This Week in Real Estate: Property news that you can trust
Vacancies Tight In Most Cities
Vacancy rates remain below 1% in five of the eight capital cities and are 1.5% in Brisbane, according to the monthly report from SQM Research. Above-average vacancies in Sydney and Melbourne mean the national average rate remained at 2% in February.
SQM’s Louis Christopher says vacancies edged higher to 4.5% in Melbourne which remains “weighed down by underwhelming demand for rental accommodation”. Sydney’s vacancy rate rose 0.1 points to 3.3%.
Elsewhere, in Perth, Adelaide, Canberra, Darwin and Hobart, the vacancy rate is below 1%. Brisbane’s vacancy rate also remained tight, down to 1.5% in February from 1.7% January. Christopher says it is very much a landlord’s market in regional Australia.
“We are still recording strong interest from tenants in larger properties in outer suburban locations as well as wider regional Australia,” he says. “Investment property owners in Darwin or Perth have also enjoyed a strong year of rental returns.”
Regional Prices Up, Affordability Down
Rising house prices in many regional centres means housing affordability has declined more in Regional Australia than in the capital cities, according to the Housing Industry Association Affordability Index.
HIA economist Angela Lillicrap says the regional index fell 3.7% in the latest quarter to return to the level it was in December 2019. The index is calculated quarterly for all capital cities and regional areas and takes into account dwelling prices, interest rates and wages.
“With the onset of COVID-19, consumer preferences have shifted towards detached housing and regional areas,” Lillicrap says. “Migration data shows more Australians left the capital cities in each of the first three quarters of 2020 than at any other time since records began in 2001. Because of this shift in population, house prices in regional areas outperformed the capital cities over the past year.”
Among the cities, Darwin experienced the sharpest decline in affordability during the quarter, followed by Brisbane and Adelaide.
Stockland Tips Lasting Sales Boom
Australia’s largest residential developer Stockland is seeing a lasting home sales surge that should push well beyond the end of government stimulus packages.
The lift in new home sales in February, driven by an annual increase of 2.4% across Victoria, NSW, Queensland and Western Australia, shows the industry has shrugged off the virus crisis, Stockland says. New houses on the outskirts of major cities and in regional areas are selling well alongside existing stock.
Stockland Communities chief executive Andrew Whitson says the HomeBuilder stimulus “has been a powerful economic measure, helping to generate jobs and investment”.
But the key drivers supporting demand are a shift in customer preferences to lower-density living, limited land availability and ready access to cheap finance. Whitson says these factors should offset the impact of reduced net overseas migration.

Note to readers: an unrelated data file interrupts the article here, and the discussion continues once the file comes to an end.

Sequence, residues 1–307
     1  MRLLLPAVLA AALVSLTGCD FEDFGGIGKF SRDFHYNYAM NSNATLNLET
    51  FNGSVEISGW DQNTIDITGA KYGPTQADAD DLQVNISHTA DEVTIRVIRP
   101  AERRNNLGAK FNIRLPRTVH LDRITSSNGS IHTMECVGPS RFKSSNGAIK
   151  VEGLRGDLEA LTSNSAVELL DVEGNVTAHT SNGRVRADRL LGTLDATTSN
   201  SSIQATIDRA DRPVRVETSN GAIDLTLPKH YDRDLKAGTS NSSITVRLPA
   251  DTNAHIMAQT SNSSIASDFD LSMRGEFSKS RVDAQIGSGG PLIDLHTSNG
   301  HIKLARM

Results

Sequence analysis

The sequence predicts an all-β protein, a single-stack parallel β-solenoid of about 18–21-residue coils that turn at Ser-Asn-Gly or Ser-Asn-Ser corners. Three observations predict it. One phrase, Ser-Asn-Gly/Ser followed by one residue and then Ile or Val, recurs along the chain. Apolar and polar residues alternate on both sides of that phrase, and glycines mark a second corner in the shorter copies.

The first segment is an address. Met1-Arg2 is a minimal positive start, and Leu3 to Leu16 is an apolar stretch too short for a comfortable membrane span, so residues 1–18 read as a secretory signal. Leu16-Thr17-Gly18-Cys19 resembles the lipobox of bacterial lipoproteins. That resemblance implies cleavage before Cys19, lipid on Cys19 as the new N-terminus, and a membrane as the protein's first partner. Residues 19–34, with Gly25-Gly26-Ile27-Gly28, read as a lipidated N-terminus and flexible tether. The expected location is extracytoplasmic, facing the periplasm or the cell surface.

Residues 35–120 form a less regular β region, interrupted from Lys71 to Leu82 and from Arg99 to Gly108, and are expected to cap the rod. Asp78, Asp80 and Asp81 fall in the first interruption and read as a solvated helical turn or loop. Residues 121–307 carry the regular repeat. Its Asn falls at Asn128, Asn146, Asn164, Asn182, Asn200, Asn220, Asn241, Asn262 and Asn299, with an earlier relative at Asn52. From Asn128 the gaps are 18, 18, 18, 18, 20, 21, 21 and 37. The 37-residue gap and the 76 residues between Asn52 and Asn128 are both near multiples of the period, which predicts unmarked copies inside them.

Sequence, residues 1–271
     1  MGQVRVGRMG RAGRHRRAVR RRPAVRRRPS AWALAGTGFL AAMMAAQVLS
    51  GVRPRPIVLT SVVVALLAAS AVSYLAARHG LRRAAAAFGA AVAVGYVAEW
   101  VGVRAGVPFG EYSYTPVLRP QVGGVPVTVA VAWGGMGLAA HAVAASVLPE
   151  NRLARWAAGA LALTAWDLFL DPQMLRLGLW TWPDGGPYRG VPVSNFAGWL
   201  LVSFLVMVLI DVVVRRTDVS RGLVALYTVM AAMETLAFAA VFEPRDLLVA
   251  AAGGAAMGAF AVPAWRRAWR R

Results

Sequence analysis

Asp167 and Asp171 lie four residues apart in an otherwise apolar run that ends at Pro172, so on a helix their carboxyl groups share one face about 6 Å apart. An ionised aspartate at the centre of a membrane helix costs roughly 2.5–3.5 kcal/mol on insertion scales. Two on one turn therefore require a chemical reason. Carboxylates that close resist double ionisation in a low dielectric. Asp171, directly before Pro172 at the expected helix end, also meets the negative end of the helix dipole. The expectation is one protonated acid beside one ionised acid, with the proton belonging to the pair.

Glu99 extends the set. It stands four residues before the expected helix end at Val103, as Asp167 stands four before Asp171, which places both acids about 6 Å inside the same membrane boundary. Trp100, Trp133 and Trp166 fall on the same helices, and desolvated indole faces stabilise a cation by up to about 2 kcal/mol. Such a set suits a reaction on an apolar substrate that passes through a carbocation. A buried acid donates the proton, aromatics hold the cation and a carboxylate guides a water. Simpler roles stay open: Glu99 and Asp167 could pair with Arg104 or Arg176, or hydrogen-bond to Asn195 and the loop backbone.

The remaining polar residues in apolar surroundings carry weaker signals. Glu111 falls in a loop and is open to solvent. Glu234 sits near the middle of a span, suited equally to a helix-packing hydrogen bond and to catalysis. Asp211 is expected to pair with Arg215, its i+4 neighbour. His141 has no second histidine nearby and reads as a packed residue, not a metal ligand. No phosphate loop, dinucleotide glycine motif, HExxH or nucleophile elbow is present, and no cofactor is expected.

“The roll-off of HomeBuilder is likely to moderate second half 2021 sales in the eastern states, but sales are expected to remain strong with price growth over 2021,” he says.
Sentiment Back Near 10 Year High
The Westpac-Melbourne Institute Index of Consumer Sentiment increased 2.6% in March, with the Index now just 0.2 points below the December level which was a 10-year high.
The main factors driving the index are improving economic prospects, Australia’s success in containing the virus, the promise of vaccines bringing an end to the pandemic and stimulatory government policies.
The “time to buy a dwelling” index slipped 3.6% – a fourth consecutive fall to be down 11.9% from the peak in November. “We have found this Index to be closely linked to affordability in the past,” the report says. “The decline suggests resurgent prices are already starting to curb buyer interest.”
On the other hand, the House Price Expectations Index increased 3.1% in March to a new seven-year high, 12.5% above its pre-pandemic level. The Index is a lead indicator of the confidence of investors, whose presence in the early stages of the housing boom has been overshadowed by owner-occupiers.
House price expectations are particularly buoyant in NSW, Queensland and WA.
New Home Sales Surge
Sales of new homes in the three months to February topped last year by 60%, as the Federal Government’s HomeBuilder program boosted demand for detached housing, says HIA’s economist Angela Lillicrap.
The HIA New Home Sales report – a monthly survey of the largest volume home builders in the five largest states – is a leading indicator of future home construction.
Lillicrap says HomeBuilder was the catalyst for improving consumer confidence in the housing market. A surge in sales was observed following the announcement of HomeBuilder in June 2020, which lead to strong sales through to the end of 2020.
“In December 2020, there was a near record volume of new home sales as households rushed to finalise contracts to build a new home before the end of the $25,000 grant,” she says. “The full impact of the extension of the HomeBuilder grant, at a value of $15,000, will not be observed until the end of March.”
The strongest surge in new home sales occurred in South Australia, up 150%, followed by Victoria (69%) and Queensland (60%).